UK Politics: A deal, but not done deal – The UK and the EU reached a preliminary agreement on the UK’s exit from the EU on Tuesday, and Prime Minister Theresa May got Cabinet approval for it last night. The next step is for the deal to be debated in Parliament, and for the EU side to approve it in a summit later in November. The UK Parliament would vote on the deal in December.
The parliamentary arithmetic remains challenging for the deal, with the opposition confirming that it would vote against it this morning (Labour leader Jeremy Corbyn called it a ‘botched’ deal that ‘breaches the government’s own red lines’), and the government holding only a slim majority. So far, leading pro-Brexit ministers Michael Gove and Sajid Javid are said to support the deal, according to Bloomberg News. Regarding the Northern Irish DUP – which props up Prime Minister May’s government – public commentary indicates that they will oppose the deal, although Sky News reports that the government is ‘bullish’ that the DUP would eventually accept it when they see the details of the deal. There are also a number of Conservative Party MPs who have stated they would vote against the deal, but it is possible opposition rebels could vote with the government to offset that. All told, we think parliament will pass the deal to avoid a chaotic No-deal outcome. However, this is with a low conviction level. If parliament opposes the deal and the government collapses, a new government could be returned to push through an agreement, whether Conservative or Labour. However, there continues to be a material risk of a No-deal Brexit. Please see our UK Watch, The macro impact of Brexit scenarios for more. (Bill Diviney & Nick Kounis)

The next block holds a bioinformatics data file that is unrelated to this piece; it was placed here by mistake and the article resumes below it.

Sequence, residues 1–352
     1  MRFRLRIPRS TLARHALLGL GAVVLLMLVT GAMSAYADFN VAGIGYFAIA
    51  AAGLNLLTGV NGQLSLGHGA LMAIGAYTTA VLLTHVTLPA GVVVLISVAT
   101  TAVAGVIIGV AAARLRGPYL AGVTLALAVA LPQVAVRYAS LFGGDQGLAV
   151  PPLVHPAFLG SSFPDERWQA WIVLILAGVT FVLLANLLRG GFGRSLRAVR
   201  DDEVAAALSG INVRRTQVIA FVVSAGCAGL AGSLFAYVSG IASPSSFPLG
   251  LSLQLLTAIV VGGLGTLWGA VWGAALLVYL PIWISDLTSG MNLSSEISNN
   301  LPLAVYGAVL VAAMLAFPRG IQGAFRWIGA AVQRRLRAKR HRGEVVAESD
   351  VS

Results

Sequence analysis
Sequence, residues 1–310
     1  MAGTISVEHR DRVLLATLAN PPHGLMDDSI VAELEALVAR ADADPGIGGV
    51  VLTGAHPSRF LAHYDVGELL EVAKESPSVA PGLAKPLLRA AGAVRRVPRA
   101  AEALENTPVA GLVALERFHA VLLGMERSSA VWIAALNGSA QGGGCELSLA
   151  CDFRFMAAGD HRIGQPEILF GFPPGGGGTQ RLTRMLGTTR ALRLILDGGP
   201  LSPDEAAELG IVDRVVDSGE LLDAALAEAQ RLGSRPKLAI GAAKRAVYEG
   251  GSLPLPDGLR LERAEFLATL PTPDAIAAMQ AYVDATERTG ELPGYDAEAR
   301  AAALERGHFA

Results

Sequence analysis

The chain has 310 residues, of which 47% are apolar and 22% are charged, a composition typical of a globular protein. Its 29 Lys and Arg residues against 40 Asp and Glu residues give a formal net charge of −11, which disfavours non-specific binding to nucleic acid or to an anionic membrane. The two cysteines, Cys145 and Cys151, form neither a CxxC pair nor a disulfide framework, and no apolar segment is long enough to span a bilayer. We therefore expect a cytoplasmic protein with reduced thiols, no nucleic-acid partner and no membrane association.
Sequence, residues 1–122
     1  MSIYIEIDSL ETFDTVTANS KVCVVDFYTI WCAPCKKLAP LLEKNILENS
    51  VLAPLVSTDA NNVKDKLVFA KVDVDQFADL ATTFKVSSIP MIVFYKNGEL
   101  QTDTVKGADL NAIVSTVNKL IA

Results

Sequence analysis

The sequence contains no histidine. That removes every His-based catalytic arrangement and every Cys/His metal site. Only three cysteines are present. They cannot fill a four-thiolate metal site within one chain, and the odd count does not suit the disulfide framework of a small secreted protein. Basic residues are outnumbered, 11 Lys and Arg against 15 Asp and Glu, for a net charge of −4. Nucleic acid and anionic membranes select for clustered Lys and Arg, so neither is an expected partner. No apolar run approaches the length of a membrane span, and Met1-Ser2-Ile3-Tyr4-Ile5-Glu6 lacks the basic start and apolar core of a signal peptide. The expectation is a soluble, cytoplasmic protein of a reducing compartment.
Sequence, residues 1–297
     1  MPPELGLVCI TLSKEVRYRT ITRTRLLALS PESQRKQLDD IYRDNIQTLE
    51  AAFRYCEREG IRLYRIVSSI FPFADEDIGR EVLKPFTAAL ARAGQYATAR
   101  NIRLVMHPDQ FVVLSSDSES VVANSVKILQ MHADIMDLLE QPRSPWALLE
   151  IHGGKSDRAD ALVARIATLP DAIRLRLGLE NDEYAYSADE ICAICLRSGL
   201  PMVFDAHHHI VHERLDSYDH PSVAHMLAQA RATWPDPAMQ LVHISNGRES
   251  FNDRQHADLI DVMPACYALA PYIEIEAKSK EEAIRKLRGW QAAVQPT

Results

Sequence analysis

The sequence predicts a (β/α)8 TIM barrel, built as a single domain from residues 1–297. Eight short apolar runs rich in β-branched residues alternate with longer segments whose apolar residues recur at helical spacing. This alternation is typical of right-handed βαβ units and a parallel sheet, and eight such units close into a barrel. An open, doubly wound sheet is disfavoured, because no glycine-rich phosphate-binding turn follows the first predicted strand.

China Macro: First signs of support kicking in – Recent data point to a further gradual weakening of momentum, but there are signs that policy easing is starting to kick in. In line with our expectations, investment growth picked up to 5.8% yoy ytd in October (September: 5.4%). That mainly reflects the recovery of stated-led investment on the back of fiscal easing policies. Over the past months, Beijing ordered local governments to issue more special purpose bonds to finance local infrastructure projects, while the banking supervisor cut risk weights for local government bonds. Industrial production edged up marginally, to 5.9% yoy (September: 5.8%). By contrast, retail sales slowed to 8.6% yoy (September: 9.2%), the slowest pace in five months. That likely reflects some statistical factors, such as the timing of the mid-autumn festival holidays and possibly some households holding back spending in the run-up to ‘Singles Day’ on 11 November. All in all, Bloomberg’s monthly GDP estimate continued its gradual decline, falling to 6.6% yoy in October. That’s the lowest level since May 2015, but still somewhat above the latest official growth number (Q3: 6.5% yoy). Meanwhile, despite the easing measures taken, lending data for October were remarkably soft. Due to seasonal factors (national holiday week), new lending always weakens in October, but this year the drop was sharper than expected. Part of the weakness in lending reflects the ongoing crackdown on shadow banking. Moreover, local government bond issuance stagnated as annual quota are being reached. We expect the PBoC to continue taking measures to prop up lending, including further cuts of bank RRRs. For more background see our Short Insight China: First signs of support kicking in published yesterday. (Arjen van Dijkhuizen)